Video collected from city cameras can offer rich data that can help cities and municipalities better manage urban environments and deliver services in a more effective and efficient way. They can help to make communities safer, more liveable, sustainable, and fair. Many involve the collection and use of large amounts of information, including personal information. Cities or municipalities that use these connected technologies are often described as “smart cities.
“The Office of the Information and Privacy Commissioner of Ontario (IPC) provides independent oversight of the Municipal Freedom of Information and Protection of Privacy Act (MFIPPA). This act protects the privacy of personal information by setting rules for its collection, use and disclosure by municipalities and municipal institutions.”
The Canadian Civil Liberties Association launched a lawsuit Tuesday against all three levels of government involved in a bid to bring a high-tech neighbourhood to Toronto's downtown core.
Federal, provincial and municipal governments are all named in the notice of application filed by the civil rights and freedoms group, which has been threatening since March to launch legal action over the yet-to-be-approved Quayside project.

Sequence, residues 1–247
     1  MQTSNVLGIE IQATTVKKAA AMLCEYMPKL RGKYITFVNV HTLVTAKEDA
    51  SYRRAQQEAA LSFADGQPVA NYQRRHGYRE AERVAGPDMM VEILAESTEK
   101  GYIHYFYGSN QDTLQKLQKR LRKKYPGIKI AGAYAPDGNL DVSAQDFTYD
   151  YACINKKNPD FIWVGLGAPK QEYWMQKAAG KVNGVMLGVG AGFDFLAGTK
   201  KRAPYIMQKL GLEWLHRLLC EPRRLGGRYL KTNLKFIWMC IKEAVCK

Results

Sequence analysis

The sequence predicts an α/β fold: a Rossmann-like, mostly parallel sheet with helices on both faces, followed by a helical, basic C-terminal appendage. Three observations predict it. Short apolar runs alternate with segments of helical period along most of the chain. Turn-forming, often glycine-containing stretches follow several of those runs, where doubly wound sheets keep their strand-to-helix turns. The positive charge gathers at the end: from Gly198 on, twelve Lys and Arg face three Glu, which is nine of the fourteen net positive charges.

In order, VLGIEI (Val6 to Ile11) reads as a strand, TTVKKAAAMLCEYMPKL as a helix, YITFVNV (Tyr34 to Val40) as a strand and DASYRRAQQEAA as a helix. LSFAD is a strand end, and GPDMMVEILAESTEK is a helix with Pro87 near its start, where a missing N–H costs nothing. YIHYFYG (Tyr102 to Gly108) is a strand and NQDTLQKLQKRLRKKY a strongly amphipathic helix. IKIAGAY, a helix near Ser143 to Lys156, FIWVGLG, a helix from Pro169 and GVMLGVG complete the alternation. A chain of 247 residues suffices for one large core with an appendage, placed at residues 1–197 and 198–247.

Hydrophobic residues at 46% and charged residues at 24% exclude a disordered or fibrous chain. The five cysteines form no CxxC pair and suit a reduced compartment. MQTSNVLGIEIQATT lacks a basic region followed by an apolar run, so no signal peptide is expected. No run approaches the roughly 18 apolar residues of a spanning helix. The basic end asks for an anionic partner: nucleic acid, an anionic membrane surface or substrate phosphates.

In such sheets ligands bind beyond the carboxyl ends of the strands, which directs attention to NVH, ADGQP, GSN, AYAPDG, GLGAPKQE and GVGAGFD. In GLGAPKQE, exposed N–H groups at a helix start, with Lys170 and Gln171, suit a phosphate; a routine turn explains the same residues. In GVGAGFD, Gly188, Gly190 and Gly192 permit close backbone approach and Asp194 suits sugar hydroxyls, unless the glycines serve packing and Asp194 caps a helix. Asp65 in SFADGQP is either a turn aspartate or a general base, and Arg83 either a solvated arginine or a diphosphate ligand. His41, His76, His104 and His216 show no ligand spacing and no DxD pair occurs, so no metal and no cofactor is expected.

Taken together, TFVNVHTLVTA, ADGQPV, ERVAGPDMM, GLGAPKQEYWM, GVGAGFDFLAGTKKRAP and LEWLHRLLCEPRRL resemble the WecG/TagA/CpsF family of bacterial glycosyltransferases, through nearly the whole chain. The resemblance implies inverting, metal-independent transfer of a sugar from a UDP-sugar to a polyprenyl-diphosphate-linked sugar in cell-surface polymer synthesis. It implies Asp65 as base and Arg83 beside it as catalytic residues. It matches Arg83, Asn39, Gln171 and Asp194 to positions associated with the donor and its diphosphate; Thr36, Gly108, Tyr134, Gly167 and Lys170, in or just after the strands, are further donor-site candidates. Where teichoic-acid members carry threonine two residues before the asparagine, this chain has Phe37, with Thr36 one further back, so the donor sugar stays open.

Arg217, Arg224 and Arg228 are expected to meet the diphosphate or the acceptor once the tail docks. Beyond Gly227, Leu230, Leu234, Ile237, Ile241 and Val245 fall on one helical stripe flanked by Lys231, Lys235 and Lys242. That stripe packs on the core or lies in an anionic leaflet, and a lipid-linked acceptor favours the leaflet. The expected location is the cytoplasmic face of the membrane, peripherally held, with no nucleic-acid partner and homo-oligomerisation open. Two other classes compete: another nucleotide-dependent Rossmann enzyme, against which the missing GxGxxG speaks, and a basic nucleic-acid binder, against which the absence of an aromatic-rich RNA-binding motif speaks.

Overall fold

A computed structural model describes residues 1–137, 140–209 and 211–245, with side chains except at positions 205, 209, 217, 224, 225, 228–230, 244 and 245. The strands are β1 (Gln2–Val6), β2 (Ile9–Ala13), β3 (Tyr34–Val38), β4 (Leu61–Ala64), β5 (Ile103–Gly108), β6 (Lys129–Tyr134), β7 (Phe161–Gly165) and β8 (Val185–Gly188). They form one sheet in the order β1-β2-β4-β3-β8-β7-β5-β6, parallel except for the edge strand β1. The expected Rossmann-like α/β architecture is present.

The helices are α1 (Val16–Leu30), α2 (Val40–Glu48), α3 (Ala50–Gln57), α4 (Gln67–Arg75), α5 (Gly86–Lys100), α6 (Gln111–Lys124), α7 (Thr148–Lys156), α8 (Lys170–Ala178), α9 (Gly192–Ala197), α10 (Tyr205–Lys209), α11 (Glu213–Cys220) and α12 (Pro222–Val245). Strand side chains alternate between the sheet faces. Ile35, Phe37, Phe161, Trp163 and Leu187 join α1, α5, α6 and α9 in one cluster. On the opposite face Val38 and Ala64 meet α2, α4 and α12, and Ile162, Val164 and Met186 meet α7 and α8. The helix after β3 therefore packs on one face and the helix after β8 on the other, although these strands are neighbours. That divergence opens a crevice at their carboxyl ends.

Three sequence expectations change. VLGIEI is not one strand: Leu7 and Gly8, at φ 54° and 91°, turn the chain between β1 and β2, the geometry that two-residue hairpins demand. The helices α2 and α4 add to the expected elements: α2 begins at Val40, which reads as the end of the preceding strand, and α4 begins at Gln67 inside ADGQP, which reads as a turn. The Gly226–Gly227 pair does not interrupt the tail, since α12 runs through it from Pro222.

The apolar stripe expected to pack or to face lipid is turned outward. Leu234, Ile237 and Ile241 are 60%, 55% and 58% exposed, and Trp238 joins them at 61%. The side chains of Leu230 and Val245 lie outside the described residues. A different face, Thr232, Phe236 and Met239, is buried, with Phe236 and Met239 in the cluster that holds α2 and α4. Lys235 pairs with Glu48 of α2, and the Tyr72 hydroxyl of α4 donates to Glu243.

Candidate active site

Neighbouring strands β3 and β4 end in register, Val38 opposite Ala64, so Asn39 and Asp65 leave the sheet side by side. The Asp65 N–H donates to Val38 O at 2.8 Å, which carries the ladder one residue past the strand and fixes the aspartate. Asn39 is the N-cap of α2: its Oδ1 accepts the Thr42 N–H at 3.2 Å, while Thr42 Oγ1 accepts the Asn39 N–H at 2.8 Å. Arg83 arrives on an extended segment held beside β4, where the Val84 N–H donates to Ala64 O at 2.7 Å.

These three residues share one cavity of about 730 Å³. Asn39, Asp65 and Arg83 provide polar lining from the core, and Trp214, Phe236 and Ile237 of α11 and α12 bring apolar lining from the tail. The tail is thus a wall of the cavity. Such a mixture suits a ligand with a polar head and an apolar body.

The suit also names Waterfront Toronto, a local organization that's partnered with Google sibling company Sidewalk Labs to develop five hectares of waterfront land into a "smart city" with high-tech sensors built into nearly every aspect of its infrastructure.
A notice of application announcing the suit alleged the project is replete with potential privacy breaches that violate Canadians' constitutional rights.
In order for Cities to collect, store, analyze and use data collected from traffic, public and surveillance cameras and sensors, any personally identifying data is removed or "anonymized" immediately at collection point. Personal data include faces, plate numbers and other personal identifiable data uniquely identifiable to the individual. This entails obscuring faces, deleting parts of the video that captures personal information during collection of video before the video is stored. This is a major hurdle that must be overcome to be able to harvest video sources into actionable data.
IRIS has developed an innovative, “Cutting Edge” rudimentary privacy “de-identification” algorithm that can be containerized/ deployed on an imbedded system.
This product was validated by Dr. Ann Cavoukian as having the potential to disrupt the industry and be an example of how the international Privacy by Design principles can be key tool for innovation for smart cities and protect the privacy of the public.
To know more irisPRIVACY and how it can help your city to remain MFIPPA compliant, contact the IRIS team: email@example.com